Thursday, February 16, 2012

Easier Parallel Programming on Google App Engine

Google App Engine Java supports running parallel operations using its Task Queue API but it doesn't provide any reasonably simple way to create dependencies between tasks. For example running operations in fork-join manner (see explanation bellow if you aren't familiar with the concepts) is also very challenging. Our new framework AppSatori Pipes is trying to fill this gap.

Let's use the trivial yet illustrative example of work to be done: You are a farmer and you want to find the needle in the haystacks.

This is what you usually do if you are alone. You just start with the haystack one and continue to number two and if you don't succeed you just need to search in the third haystack to find the needle.
You application usually also looks like this. You just execute one task after another unless the work is done. 

Of course if there are more farmers each one can take care of particular number of different haystacks but since there is no easy way to let tasks depend on others so they just run independently. Everyone cares about his haystacks. If there is only one needle in multiple haystacks and one farmer will find it, there is no way how to tell it to the others. So they will be still trying to search the needle in empty haystacks.
This also describes what you can achieve on Google App Engine using the standard Task Queue API. You can run independent tasks but there is no easy way how to tell which tasks should be cancelled because they are no longer needed.

Aside of previous two ways of executing tasks AppSatori Pipes offers you two new options.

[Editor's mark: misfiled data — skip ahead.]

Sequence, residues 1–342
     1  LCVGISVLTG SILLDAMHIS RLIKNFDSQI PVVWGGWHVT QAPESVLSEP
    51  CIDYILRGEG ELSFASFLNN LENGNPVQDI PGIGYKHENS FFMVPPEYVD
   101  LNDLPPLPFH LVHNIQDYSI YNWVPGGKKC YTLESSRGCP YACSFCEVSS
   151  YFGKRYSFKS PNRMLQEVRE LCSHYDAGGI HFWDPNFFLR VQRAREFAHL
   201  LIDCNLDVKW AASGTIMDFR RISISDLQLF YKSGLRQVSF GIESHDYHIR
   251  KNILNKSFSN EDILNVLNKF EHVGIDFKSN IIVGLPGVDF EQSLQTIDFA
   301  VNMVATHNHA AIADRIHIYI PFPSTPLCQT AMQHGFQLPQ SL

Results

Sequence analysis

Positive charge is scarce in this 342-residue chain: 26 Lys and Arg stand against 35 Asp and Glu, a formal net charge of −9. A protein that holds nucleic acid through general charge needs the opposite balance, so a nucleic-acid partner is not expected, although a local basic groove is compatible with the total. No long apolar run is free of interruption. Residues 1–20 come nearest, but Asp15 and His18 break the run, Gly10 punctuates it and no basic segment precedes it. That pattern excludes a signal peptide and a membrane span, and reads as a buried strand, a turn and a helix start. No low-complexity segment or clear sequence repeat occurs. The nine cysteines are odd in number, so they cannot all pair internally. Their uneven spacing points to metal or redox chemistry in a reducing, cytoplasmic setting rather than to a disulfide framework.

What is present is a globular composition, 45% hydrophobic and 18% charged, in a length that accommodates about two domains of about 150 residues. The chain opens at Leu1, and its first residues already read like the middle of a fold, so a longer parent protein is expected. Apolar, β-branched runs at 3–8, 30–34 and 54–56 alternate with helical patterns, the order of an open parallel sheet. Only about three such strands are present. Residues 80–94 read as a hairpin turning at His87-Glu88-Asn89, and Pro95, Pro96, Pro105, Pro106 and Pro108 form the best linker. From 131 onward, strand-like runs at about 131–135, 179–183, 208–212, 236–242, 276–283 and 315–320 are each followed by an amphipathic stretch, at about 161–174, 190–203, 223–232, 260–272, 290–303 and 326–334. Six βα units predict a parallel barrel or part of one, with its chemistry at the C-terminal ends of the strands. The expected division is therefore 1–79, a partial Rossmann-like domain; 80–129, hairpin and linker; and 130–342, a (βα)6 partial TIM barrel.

The first one is classic Fork-Join model when tasks knows that they should wait for their companions and send the results at once to the next task. In terms of our haystack-needle example this means that each farmer searches his own haystack but finally they will meet to check whether they found all the needles.

If there is only one needle to be found, you can just let the others stop as soon as you find it. We call this behaviour "Sprint" in AppSatori Pipes.
You are eager for some code examples? Here they are:

As you can see, there is no plubing, just a few pipes. You can find out more informations on the AppSatori Pipes GitHub site. If you are just looking for Google App Engine solution for you business feel free to contact us at

Tuesday, January 17, 2012

The Easiest Way to Share Your Google Apps Contacts

There are many tools that promise you to share your Google Apps contacts but they are not so user friendly. We are proud to announce our new tool ContactSatori which aims to fill this gap. The basic principle is easy. There is one contact group to add contacts to be shared and one to add contacts which you want to share no longer. Everything else is just a magic. In a few minutes, chosen contacts just appears in your colleagues’ contact books.

In case you have always wanted to be a magician (aka administrator) we could reveal you the trick. There is a simple control panel where you can set up the application (see picture bellow).

ContactSatori is currently in private beta. Please, send mail to if you are interested in. Don’t forget to include the Google Apps domain and expected number of users and shared contacts.

The final price isn’t available yet. It will be determined as soon as the testing period is over.